The bodies might be gone but the Tudor appetite for desecration still chills the blood

A team of medieval jousters practice before the 500th anniversary of the Battle of Flodden at Traquair House in May (PA)

More than fourteen thousand men were killed at Flodden five hundred years ago this month. But archaeologists, excavating the battlefield in Northumberland have found no remains of the ordinary Scottish and English combatants. The ground is boggy and as work came to an end this week, the team director Chris Burgess explained, “a burial pit here would flood”. We do know the fate, however, of the most significant figure to be killed in the battlefield – James IV of Scots.

King James was found after the battle lying near the royal Scottish banner of the red lion rampant. According to one account that reached France he was still alive, but only just. His left hand was almost severed, his throat gashed, and an arrow was shot through his lower jaw. The English battlefield commander, the Earl of Surrey, was rewarded by Henry VIII for his victory with the restoration of the family title, Duke of Norfolk, and he chose an augmentation to his family arms that still recalls the spectacle of James’s body as the life left him: a red lion rampant, with an arrow through its head.

James’s corpse was brought to London from Flodden and paraded through the streets slung over a horse, just as Richard III had been paraded through Leicester after he was killed at Bosworth. It was then delivered to the Carthusian Monastery at Sheen, but it could not immediately be buried there. James had died an excommunicate, after having defied Papal orders that he not attack England while Henry was in France fighting in a Papal cause. Henry had to ask permission for James to be buried in sacred ground. A request for a funeral at St Paul’s was, however, soon granted.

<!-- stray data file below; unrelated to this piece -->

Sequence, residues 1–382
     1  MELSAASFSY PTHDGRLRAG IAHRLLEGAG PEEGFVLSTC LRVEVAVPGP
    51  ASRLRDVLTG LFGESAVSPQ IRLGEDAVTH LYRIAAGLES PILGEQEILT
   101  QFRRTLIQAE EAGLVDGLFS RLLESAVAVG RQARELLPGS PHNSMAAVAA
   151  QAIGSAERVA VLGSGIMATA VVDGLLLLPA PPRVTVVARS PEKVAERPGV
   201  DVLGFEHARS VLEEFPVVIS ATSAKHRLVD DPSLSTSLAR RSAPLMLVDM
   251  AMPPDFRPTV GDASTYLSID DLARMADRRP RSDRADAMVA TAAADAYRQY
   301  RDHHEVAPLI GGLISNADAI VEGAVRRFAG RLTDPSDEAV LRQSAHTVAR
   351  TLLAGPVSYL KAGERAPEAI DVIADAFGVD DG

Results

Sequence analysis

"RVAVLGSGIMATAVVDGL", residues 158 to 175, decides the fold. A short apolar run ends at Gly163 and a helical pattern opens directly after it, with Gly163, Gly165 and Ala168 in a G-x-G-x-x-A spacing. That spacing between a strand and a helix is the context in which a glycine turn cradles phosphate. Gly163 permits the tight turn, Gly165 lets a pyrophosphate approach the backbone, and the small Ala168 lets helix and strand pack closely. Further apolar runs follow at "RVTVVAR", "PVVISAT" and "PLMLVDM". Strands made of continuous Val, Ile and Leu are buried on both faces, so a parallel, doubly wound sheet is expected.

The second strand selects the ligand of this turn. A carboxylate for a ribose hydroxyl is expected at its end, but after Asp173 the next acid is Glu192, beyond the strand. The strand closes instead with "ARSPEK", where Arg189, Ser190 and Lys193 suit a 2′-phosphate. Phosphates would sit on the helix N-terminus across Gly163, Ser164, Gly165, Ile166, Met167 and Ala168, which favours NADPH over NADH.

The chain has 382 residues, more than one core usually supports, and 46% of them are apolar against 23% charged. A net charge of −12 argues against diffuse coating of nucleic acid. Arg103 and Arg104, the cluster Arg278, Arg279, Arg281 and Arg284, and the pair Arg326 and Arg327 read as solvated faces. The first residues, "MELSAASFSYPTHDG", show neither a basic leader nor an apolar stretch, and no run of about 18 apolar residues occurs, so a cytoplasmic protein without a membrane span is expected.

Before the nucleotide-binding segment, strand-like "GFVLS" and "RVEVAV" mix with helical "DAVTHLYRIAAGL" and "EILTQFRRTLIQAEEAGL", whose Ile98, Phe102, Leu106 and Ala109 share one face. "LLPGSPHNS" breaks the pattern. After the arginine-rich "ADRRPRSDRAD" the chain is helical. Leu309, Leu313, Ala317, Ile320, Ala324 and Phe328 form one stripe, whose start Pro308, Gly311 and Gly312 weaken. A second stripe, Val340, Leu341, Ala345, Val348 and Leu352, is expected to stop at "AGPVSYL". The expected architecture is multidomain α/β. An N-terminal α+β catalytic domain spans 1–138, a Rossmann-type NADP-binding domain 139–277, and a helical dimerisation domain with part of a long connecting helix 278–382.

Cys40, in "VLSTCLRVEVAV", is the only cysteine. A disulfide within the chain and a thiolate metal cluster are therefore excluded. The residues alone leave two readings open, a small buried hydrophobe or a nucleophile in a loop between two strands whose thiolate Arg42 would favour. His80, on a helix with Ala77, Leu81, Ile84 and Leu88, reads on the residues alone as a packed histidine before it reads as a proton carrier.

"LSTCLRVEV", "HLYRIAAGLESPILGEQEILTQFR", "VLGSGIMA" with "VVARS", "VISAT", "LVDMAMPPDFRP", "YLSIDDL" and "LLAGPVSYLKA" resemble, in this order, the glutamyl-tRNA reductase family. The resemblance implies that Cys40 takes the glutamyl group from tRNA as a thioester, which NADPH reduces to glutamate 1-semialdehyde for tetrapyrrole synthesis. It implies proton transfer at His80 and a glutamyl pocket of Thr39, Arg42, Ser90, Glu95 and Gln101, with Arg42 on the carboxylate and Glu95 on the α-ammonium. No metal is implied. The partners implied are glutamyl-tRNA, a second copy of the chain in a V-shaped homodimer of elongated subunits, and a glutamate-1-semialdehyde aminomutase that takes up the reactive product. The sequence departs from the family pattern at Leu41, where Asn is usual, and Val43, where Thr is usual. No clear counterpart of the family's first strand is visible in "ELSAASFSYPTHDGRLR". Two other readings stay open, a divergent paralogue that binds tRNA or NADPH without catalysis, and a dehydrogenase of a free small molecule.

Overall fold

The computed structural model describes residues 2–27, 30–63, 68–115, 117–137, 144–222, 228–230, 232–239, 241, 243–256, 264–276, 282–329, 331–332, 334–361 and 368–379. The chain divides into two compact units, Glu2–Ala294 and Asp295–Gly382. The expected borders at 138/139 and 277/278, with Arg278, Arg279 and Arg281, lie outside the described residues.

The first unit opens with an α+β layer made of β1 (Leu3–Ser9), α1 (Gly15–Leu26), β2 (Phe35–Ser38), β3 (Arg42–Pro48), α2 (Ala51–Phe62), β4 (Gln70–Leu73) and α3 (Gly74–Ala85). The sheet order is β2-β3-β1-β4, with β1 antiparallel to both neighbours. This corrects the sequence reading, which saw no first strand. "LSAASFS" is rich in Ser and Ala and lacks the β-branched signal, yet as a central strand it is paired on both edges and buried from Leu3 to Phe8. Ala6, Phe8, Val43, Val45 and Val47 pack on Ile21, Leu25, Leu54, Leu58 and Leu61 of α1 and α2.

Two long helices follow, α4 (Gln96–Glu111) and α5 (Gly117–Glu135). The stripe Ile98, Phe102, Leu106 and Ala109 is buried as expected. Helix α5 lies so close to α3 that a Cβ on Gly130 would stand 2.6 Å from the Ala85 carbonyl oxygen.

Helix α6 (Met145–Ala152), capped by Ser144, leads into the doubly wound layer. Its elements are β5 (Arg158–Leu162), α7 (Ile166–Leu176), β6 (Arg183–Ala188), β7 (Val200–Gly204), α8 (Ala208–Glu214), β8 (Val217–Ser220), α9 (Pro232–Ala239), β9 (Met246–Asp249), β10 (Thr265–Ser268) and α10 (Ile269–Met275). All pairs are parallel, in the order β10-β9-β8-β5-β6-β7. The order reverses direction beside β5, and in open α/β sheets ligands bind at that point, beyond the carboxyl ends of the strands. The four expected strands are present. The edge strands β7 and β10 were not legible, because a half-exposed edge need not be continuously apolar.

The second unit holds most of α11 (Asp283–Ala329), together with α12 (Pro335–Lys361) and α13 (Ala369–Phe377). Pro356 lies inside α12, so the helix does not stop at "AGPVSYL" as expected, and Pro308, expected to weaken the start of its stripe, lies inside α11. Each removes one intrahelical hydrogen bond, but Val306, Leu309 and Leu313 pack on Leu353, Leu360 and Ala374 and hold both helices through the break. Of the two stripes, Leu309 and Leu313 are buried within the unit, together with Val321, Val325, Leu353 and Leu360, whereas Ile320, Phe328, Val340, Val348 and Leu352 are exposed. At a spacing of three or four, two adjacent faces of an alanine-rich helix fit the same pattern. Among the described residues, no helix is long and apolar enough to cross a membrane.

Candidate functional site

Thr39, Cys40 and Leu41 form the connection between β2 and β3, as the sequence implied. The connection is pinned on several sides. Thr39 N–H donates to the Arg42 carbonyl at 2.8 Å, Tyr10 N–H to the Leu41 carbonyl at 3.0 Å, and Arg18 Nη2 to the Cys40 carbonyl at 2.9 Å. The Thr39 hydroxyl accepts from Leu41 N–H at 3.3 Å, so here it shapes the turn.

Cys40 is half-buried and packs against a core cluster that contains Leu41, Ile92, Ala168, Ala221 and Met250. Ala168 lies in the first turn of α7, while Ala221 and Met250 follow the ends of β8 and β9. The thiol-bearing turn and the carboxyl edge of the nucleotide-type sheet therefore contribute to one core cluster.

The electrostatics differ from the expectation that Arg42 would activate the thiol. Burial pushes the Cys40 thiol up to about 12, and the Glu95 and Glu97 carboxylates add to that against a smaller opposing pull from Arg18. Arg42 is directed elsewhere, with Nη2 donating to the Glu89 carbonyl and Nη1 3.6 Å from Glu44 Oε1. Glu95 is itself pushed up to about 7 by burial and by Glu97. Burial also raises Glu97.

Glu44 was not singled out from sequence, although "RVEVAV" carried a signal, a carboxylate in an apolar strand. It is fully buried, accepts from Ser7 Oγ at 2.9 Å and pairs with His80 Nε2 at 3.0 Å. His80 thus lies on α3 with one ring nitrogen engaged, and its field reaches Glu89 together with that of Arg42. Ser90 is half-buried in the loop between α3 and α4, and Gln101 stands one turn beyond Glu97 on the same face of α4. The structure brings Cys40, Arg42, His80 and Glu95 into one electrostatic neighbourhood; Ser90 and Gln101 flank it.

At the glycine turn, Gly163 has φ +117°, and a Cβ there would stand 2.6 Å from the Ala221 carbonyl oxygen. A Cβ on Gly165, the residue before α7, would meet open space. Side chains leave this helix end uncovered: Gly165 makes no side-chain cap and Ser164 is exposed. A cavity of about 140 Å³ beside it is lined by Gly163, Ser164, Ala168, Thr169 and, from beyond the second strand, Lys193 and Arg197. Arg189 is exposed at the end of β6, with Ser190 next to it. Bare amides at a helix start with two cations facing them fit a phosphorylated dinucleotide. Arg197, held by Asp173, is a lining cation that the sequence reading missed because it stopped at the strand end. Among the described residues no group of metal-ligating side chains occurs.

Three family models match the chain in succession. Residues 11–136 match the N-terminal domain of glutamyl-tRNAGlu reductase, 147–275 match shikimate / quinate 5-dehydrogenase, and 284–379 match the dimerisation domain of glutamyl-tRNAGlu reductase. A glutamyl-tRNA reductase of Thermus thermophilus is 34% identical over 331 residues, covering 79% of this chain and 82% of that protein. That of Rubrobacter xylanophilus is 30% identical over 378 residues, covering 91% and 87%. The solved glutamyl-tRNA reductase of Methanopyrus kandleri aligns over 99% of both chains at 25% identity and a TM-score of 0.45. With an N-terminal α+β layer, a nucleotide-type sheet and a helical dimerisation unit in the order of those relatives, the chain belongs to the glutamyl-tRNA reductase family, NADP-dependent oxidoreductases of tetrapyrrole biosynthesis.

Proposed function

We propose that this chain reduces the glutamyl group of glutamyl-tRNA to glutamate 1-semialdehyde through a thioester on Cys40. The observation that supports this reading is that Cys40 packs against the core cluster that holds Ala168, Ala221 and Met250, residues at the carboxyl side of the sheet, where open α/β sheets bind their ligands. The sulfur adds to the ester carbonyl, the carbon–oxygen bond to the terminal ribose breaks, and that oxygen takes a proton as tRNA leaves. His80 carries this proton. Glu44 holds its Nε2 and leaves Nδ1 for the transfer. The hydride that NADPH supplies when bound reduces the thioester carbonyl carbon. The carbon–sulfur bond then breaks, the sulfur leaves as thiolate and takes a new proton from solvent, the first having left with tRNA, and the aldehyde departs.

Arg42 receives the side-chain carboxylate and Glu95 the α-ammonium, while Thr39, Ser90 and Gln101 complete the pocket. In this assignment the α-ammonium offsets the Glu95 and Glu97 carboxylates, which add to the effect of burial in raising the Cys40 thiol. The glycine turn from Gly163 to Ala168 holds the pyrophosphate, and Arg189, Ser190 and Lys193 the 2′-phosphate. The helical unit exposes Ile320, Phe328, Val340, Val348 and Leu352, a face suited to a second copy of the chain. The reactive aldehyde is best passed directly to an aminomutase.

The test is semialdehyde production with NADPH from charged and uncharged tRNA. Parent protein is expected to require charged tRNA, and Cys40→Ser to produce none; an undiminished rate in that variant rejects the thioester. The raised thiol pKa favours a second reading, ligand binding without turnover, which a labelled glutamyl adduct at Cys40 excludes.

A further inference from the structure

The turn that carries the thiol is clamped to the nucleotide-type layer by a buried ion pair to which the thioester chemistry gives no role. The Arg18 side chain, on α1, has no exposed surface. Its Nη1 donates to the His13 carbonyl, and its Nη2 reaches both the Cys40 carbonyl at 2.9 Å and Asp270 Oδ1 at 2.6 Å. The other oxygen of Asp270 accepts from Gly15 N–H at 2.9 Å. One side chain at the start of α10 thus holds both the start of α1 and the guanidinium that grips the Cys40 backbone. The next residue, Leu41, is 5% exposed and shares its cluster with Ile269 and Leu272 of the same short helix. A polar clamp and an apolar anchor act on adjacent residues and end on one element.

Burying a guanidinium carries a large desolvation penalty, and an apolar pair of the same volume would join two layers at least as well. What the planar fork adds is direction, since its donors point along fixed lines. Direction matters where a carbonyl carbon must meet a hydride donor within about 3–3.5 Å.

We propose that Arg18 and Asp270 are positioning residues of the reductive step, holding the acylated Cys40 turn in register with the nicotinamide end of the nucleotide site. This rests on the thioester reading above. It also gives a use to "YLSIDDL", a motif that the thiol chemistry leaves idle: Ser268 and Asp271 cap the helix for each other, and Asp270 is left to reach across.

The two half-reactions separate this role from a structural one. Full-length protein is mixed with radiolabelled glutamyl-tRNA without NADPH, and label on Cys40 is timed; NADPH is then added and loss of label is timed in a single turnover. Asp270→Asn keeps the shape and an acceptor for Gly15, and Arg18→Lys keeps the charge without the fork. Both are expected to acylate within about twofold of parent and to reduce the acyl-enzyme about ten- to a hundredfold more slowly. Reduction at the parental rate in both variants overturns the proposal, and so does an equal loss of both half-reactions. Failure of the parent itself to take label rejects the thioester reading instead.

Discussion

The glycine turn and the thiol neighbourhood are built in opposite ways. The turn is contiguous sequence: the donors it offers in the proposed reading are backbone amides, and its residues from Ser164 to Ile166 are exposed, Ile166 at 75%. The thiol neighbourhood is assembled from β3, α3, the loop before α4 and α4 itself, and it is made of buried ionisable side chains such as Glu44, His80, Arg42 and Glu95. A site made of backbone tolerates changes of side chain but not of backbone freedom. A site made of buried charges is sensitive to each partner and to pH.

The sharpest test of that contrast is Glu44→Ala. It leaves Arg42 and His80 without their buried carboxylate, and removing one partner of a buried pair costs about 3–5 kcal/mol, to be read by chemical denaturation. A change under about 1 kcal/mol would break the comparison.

Strangely, however, Henry never would bury James at St Paul’s or anywhere else. After the dissolution of the monasteries, and in the reign of Henry’s daughter, Elizabeth I, the body was still at Sheen, where it was found cast “into an old waste room amongst old timber, stone, lead, and other rubble”. Later some Elizabethan workmen cut off James’s head “for their foolish pleasure”. It still had his red beard when a Londoner rescued it, keeping it in his house, saying it smelled nice. Eventually he had it buried at St Michael’s Church, Wood Street, in the City of London.

The Church burned down in the Great Fire of 1666 and today a pub marks the burial spot of the last king to be killed in battle on British soil. Was this treatment simply because James was an old enemy, who also happened to be Henry’s brother in law? Or does it reflect something else that was going on at the time? Desecrating the bodies of enemies had a long and grisly tradition, but it was not only the bodies of enemies that were carelessly treated as the century progressed. I noted recently in the Catholic Herald, that body of Henry VIII great grandfather, Owen Tudor, now lies under a housing estate.

Did people become inured to the desecration of bodies during the Reformation period? Monasteries, churches, and individual tombs engraved with prayers for the dead or figurative religious art, were destroyed during the reigns of three Tudor monarchs – Henry VIII, Edward VI, and Elizabeth I. People must have often seen human bones simply dumped amongst the ruins.

There is description of Henry VIII’s men after Flodden rounding up the loose horses of the fallen. They are even listed – a bay trotting horse, a grey mare with one eye, a nag with a cloudy face – all living reminders of their former riders. Similarly, all around us, in broken stone, and place names recalling a Greyfriars, or a Blackfriars, there are haunting echoes of the dead violated in their graves during the later Tudor period. Like the bodies at Flodden these desecrated corpses have vanished, but the story of that violence still chills the blood.